There were a lot of women from the various Star Trek series that I could have chosen; the series did contain a lot of scientists and doctors, after all. But I think Ezri was the one that most embodied what it is to be geeky, even when you live in a geek fantasy. A young ensign on her first commission aboard the Destiny, Ezri never had any interest in joining with a symbiont, something her people the Trill see as a great honor and only reserved for the best and brightest. But when her ship is transporting the Dax symbiont, recently rescued from it's former dieing host Jadzia, it suddenly becomes ill, and Ezri, the only Trill aboard, must join with it to prevent its death. Ezri takes on a responsibility she is not ready for and doesn't believe she is worthy of, all in the midst of a devastating war. It's this insecurity, and her eventual ability to overcome it, that make her geeky... well that and her adorable crush on Dr. Bashir. Girl cannot just spit it out and tell him she digs him till almost the very end of the series. Haven't we all been there, ladies?
10. Codex, aka Cyd Sherman (The Guild)

First of all, I gotta say that I love Felicia Day. She's one of my favorite irl geek girls, so it's no surprise that her character on The Guild, the awesome web-series she writes and stars in, makes my list. Cyd, who goes by Codex in the unnamed MMO at the core of the show, is shy and insecure, and uses the game as a way to escape her dull and unsatisfying life. But when her game friends start invading her reality, Cyd has to figure out how to channel the confident Codex she plays in game and use that courage in her real life. I see a lot of myself in Cyd; I'm certainly a lot bolder and outgoing while playing online games than I am in my every day life. She also deals with a lot of the same things real women who play video games deal with, such as either being hit on or dismissed by other players because of your gender. It's really fun to watch her come into her own, to see her get pushed and pushed by the craziness of her guild-mates and the assholes of their rival guild until, finally, she breaks out of her shy shell and shows everyone, including herself, how strong she really is.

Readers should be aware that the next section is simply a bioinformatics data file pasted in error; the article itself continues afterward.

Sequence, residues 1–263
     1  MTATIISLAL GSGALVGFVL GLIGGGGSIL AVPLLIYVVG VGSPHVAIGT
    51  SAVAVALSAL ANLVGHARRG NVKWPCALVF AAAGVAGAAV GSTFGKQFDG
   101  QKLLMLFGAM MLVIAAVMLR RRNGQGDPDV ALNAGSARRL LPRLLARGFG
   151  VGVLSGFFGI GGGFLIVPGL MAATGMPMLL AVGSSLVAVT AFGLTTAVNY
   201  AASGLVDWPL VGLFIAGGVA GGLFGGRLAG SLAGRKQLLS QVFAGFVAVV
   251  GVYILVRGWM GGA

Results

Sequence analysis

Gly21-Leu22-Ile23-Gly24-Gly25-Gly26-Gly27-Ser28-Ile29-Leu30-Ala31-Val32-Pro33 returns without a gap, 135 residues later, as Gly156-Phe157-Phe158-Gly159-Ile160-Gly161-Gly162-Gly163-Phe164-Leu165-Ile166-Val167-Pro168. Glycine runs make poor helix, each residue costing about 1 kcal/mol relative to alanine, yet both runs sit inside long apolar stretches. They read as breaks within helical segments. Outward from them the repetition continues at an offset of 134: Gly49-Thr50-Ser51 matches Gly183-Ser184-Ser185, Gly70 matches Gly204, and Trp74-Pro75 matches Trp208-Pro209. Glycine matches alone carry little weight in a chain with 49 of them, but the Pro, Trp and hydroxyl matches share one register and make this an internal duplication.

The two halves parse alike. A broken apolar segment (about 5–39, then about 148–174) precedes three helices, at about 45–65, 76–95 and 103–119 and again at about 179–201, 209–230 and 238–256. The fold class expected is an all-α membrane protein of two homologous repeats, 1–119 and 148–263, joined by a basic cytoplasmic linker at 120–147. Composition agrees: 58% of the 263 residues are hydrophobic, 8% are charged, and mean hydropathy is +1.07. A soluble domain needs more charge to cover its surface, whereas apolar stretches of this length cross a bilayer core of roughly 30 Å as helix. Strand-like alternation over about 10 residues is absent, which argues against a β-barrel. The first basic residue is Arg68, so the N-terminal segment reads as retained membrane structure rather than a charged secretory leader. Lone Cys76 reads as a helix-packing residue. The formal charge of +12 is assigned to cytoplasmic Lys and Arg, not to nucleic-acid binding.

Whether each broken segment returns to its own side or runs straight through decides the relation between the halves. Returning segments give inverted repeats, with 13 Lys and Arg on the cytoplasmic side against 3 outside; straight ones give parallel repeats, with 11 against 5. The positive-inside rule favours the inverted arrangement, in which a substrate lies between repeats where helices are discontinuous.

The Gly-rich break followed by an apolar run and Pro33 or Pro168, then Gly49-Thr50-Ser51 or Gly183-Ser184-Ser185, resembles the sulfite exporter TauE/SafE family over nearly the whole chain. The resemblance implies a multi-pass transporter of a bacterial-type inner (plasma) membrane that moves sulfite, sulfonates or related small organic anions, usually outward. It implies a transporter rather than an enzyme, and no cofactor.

9. Lisa Simpson (The Simpsons)

Oh, Lisa Simpson. She's a bookworm, she's a band nerd, and she can be an obnoxious little know-it-all at times, but damnit, I love her anyway. I think anyone who got picked on in school for daring to think reading was fun can identify with her. Way smarter than just about everyone else around her, constantly tormented by her jerkass brother, outcast at school and misunderstood by her parents, Lisa embodies what it is to be young, opinionated, geeky and female. I know a lot of Simpsons fans find her annoying, but honestly she's sometimes the only one in that stupid family I can stand. Every time I catch a Lisa episode, I root for her. Don't worry Lisa, it get's better. You'll really blossom in college.

8. Kaylee Lee Frye (Firefly)

Kaylee is just about the cutest nerd you'll ever see. She just loves machines... I mean LOVES them. Ahem. Kaylee is the mechanic on board Serenity, but her unofficial jobs include being cheerful, having cute umbrellas and eating the HELL out of strawberries. Kaylee treats Serenity like a member of the crew, and the ship seems to love her as much as she loves it. Don't we all feel that way about our beloved machines from time to time? At least until our computer decides to be a dick and crash while we're writing an essay or our speakers refuse to work no matter what we do or the 360 red rings right in the middle of Fallout 3 and... never mind, I just remembered I actually hate machines. Kaylee, you are a better woman than I.

7. Penny (Inspector Gadget)

It is no secret that Penny was the real brains behind that bumbling idiot Inspector Gadget. I mean, come on. Gadget is constantly getting outdone by a 5th grader and a dog. Someone needs to see about getting him into some remedial classes or something. But oh man, I wish I had Penny's tech when I was ten. A computer that looks like a book? A utility wrist watch? Bad. Ass. Penny's not just tech savvy, she's resourceful and brave, which is good, considering she pretty much has to save herself whenever she gets into trouble. Honestly, the show should have actually been called "Penny and Brain! guest-starring Some Moron With a Helicopter in His Hat."

6. Harley Quinn (Batman)